Global Assessment Report on Disaster Risk Reduction 2015
Making development sustainable: The future of disaster risk management

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Figure 3.14 shows the 15 countries (excluding SIDS) where the highest proportion of capital stock could be lost with a probability of 10 per cent over a fifty-year period (500-year PML). As can be seen, these potential losses are important, representing between 2 and 12 per cent of the total capital stock for these countries.
These losses are equivalent to 800 per cent of annual capital investment in Trinidad and Tobago, 100 per cent of annual capital investment in Peru and 90 per cent in Japan. To avoid systemic risk, it is important to factor contingent liabilities into international loans and other financial instruments.
Tropical cyclones
Global average annual loss from recurrent cyclone winds and storm surge is estimated at US$80 billion, which is equivalent to 1.4 times the total public health expenditure in Africa or 85 per cent of public education expenditure in Australia and New Zealand combined.
The physical intensity of tropical cyclones is determined by their wind speeds, which affect both coastal and inland areas. Historically, the highest concentration of cyclonic wind has been in the Western Pacific (Figure 3.15). The weakest storms take place near the equator, in their first stages of development; over land, as they run out of energy; and in the mid-latitudes due to the cooler temperature of the water.17 Given the concentration of economic assets and population along the coasts in many countries, risk is heavily influenced by exposure. However, in low and middle-income countries the vulnerability of building stock is an important risk factor which increases in weight in the case of low-intensity cyclones (UNISDR, 2011a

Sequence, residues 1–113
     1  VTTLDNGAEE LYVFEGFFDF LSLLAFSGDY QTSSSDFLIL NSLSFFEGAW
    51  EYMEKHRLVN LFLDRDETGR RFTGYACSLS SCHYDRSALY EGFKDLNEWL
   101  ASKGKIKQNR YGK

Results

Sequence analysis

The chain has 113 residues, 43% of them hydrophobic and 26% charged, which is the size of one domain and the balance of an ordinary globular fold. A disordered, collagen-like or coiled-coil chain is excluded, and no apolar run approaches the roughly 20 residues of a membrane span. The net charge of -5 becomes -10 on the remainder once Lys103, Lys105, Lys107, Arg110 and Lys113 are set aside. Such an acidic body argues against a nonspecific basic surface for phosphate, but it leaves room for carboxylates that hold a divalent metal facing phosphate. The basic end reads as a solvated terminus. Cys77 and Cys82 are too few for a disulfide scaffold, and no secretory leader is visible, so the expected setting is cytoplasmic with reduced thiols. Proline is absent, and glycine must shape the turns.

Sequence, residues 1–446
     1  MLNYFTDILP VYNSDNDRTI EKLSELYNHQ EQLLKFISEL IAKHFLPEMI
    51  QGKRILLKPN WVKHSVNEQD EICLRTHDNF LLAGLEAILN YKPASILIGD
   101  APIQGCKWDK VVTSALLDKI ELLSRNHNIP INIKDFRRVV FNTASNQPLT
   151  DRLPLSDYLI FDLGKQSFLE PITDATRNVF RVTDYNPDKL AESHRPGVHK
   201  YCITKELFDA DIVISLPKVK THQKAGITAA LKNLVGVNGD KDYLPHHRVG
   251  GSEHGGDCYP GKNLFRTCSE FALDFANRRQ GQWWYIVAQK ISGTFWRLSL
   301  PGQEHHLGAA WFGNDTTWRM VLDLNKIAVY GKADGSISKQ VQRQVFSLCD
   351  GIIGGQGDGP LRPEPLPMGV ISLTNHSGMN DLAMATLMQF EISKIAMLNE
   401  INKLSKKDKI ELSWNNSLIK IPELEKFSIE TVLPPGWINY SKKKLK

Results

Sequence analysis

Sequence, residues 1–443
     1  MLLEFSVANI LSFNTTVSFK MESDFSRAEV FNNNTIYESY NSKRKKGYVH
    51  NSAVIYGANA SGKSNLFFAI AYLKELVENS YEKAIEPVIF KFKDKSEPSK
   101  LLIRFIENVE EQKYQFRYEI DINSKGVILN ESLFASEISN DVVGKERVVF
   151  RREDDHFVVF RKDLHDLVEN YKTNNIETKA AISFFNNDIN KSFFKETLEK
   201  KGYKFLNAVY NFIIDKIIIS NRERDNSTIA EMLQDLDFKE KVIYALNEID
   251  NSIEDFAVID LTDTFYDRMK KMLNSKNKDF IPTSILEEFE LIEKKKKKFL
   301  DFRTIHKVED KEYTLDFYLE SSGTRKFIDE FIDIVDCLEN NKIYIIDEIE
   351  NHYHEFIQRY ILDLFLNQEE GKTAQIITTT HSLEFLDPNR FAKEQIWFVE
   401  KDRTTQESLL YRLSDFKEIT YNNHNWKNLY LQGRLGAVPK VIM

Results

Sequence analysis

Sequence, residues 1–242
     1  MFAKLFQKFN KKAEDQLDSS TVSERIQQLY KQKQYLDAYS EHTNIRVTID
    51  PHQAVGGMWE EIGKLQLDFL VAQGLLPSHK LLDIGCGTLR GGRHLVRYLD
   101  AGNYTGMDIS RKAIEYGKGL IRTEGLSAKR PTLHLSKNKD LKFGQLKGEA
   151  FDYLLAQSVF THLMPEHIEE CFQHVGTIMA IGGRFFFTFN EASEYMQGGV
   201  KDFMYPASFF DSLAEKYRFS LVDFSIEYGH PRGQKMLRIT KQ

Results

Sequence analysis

UNISDR. 2011a,Global Assessment Report on Disaster Risk Reduction: Revealing Risk, Redefining Development, Geneva, Switzerland: UNISDR.. .
Strong winds and low air pressure in the eye of the storm may also cause storm surges up to 10 metres high. In contrast to wind, storm surge can only contribute to significant damage along the coast, depending on the slope of the seabed in the area where the cyclone makes landfall
(Source: NASA.18)
Figure 3.15 Worldwide historical tropical cyclone tracks
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